Click efficiency: a unified optimal ranking for online Ads and documents

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1 DOI /s Click efficiency: a unified optimal ranking for online Ads and documents Raju Balakrishnan 1 Subbarao Kambhampati 2 Received: 21 December 2013 / Revised: 23 March 2015 / Accepted: 12 May 2015 Springer Science+Business Media New York 2015 Abstract Ranking of search results and ads has traditionally been studied separately. The probability ranking principle is commonly used to rank the search results while the ranking based on expected profits is commonly used for paid placement of ads. These rankings try to maximize the expected utilities based on the user click models. Recent empirical analysis on search engine logs suggests unified click models for both ranked ads and search results (documents). These new models consider parameters of (i) probability of the user abandoning browsing results (ii) perceived relevance of result snippets. However, current document and ad ranking methods do not consider these parameters. In this paper we propose a generalized ranking function namely Click Efficiency (CE) for documents and ads based on empirically proven user click models. The ranking considers parameters (i) and (ii) above, optimal and has the same time complexity as sorting. Furthermore, the CE ranking exploits the commonality of click models, hence is applicable for both documents and ads. We examine the reduced forms of CE ranking based upon different underlying assumptions, enumerating a hierarchy of ranking functions. Interestingly, some of the rankings in the hierarchy are currently used ad and document ranking functions; while others suggest new rankings. Thus, this hierarchy illustrates the relationships between different rankings, and clarifies the underlying assumptions. While optimality of ranking is sufficient for document ranking, applying CE ranking to ad auctions requires an appropriate pricing mechanism. We incorporate a second price based mechanism with the proposed ranking. Our analysis proves several desirable properties including revenue dominance over Raju Balakrishnan Subbarao Kambhampati 1 Groupon., Park Blvd, Palo Alto, CA 94306, USA 2 Computer Science and Engineering, Arizona State University, Tempe, AZ 85287, USA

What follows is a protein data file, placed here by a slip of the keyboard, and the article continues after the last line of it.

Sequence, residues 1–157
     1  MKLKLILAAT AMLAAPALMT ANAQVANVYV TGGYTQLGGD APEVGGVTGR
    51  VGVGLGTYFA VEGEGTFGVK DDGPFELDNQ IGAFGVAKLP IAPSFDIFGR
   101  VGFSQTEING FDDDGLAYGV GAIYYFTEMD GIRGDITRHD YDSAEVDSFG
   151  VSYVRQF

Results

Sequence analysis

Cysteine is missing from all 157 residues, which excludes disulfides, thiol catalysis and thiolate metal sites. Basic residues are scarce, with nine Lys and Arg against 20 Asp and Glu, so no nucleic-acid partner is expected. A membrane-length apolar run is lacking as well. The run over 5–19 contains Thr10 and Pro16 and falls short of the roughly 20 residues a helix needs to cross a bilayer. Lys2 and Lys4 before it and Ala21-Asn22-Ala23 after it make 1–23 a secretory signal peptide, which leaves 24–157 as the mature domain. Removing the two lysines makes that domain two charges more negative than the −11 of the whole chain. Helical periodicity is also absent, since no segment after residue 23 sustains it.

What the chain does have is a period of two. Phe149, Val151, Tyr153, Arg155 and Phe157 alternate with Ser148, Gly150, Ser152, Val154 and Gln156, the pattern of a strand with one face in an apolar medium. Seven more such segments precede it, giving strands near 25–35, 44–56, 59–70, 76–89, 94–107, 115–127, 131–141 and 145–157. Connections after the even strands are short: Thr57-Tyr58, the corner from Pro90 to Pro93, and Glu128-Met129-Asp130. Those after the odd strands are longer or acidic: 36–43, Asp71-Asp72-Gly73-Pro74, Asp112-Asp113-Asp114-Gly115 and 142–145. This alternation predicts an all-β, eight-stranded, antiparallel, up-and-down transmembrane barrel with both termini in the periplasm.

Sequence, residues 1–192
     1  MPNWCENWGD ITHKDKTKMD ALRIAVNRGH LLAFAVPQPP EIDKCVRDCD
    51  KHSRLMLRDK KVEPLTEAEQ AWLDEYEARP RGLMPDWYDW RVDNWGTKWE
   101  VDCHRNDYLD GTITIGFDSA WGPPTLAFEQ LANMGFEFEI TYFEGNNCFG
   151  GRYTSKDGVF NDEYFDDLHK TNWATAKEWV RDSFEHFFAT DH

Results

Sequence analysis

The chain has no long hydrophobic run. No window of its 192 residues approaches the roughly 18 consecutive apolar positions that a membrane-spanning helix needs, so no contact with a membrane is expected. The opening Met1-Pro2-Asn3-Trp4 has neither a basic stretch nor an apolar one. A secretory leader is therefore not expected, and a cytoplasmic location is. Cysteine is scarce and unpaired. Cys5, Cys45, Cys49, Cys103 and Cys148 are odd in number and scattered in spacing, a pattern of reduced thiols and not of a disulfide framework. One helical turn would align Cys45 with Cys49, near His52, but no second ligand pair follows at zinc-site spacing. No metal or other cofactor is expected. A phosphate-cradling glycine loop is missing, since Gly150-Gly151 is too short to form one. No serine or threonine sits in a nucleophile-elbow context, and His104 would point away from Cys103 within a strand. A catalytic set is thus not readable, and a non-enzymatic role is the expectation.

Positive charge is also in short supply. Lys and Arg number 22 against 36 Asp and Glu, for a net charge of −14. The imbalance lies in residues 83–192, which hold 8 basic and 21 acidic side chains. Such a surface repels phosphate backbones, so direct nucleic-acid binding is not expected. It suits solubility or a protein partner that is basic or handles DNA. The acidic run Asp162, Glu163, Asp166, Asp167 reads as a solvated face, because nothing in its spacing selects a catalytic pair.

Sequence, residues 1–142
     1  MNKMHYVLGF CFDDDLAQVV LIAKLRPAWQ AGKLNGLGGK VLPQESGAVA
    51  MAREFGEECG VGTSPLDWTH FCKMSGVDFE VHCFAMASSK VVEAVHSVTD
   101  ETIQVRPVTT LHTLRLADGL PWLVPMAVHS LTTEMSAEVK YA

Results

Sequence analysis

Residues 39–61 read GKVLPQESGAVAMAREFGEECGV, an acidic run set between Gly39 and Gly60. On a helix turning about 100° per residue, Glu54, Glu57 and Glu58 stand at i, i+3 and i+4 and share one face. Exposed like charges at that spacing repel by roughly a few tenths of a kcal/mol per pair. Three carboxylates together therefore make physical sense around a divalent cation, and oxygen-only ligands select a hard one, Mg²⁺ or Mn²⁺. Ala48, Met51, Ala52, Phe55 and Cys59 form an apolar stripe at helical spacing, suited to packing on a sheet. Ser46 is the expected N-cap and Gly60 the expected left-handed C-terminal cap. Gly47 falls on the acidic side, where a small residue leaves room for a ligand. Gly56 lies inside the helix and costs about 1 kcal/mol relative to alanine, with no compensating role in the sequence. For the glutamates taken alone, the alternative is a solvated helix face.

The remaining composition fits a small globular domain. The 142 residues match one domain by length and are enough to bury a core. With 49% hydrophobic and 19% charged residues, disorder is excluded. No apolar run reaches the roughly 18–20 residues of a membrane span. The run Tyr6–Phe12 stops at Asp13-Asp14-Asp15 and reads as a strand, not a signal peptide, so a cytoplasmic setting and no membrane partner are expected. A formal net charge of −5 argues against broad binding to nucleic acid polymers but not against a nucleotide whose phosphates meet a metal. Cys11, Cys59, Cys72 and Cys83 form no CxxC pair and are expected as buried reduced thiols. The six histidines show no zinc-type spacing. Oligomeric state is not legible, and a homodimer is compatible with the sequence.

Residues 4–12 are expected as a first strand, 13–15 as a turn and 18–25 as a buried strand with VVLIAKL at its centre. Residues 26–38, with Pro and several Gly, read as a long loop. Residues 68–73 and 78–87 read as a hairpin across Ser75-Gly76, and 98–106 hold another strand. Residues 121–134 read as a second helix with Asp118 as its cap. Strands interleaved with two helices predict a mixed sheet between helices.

2 Vickrey Clarke Groves (VCG) for the same bid vector and existence of a Nash equilibrium in pure strategies. The equilibrium is socially optimal, and revenue equivalent to the truthful VCG equilibrium. As a result of its generality, the auction mechanism and the equilibrium reduces to the current mechanisms including Generalized Second Price Auction (GSP) and corresponding equilibria. Furthermore, we relax the independence assumption in CE ranking and analyze the diversity ranking problem. We show that optimal diversity ranking is NP-Hard in general, and a constant time approximation algorithm is not likely. Finally our simulations to quantify the amount of increase in different utility functions conform to the results, and suggest potentially significant increase in utilities. Keywords Ad ranking Document ranking Diversity Auctions Click models 1 Introduction Search engines rank results to maximize the relevance of the top documents. On the other hand, targeted ads are ranked primarily to maximize the profit from clicks. In general, users browse through ranked lists of search results or ads from top to bottom, either clicking or skipping the results, or abandoning browsing the list altogether due to impatience or satiation. The goal of the ranking is to maximize the expected relevances (or profits) of clicked results based on the click model of the users. The sort by relevance ranking suggested by Probability Ranking Principle (PRP) has been commonly used for search results for decades (Robertson 1977; Gordon and Lenk 1991). In contrast, sorting by the expected profits calculated as the product of bid amount and Click Through Rate (CTR) is popular for ranking ads (Richardson et al. 2007). Recent click models suggests that the user click behaviors for both search results and targeted ads is the same (Guo et al. 2009; Zhu et al. 2010). Considering this commonality, the only difference between the two ranking problems is the utility of entities ranked: for documents utility is the relevance and for the ads it is the cost-per-click (CPC). This suggests the possibility of a unified ranking function for search results and ads. The current segregation of document and ad ranking as separate areas does not consider this commonality. A unified approach often helps to widen the scope of the related research to these two areas, and enables applications of existing ranking function in one area on isomorphic problems in the other area as we will show below. In addition to the unified approach, the recent click models consider the following parameters: 1. Browsing Abandonment: The user may abandon browsing ranked list at any point. The likelihood of abandonment may depend on the entities the user has already seen (Zhu et al. 2010). 2. Perceived Relevance: Perceived relevance is the user s relevance assessment viewing only the search snippet or ad impression. The decision to click or not depends on the perceived relevance, not on the actual relevance of the results (Yue et al. 2010; Clarke et al. 2007). Though these parameters are part of the click models (Guo et al. 2009; Zhu et al. 2010)how to exploit these parameters to improve ranking is currently unknown. The current document ranking is based on the simplifying assumption that the perceived relevance is the same as the actual relevance of the document, and ignores browsing abandonment. The ad placement partially considers perceived relevance, but ignores abandonment probabilities.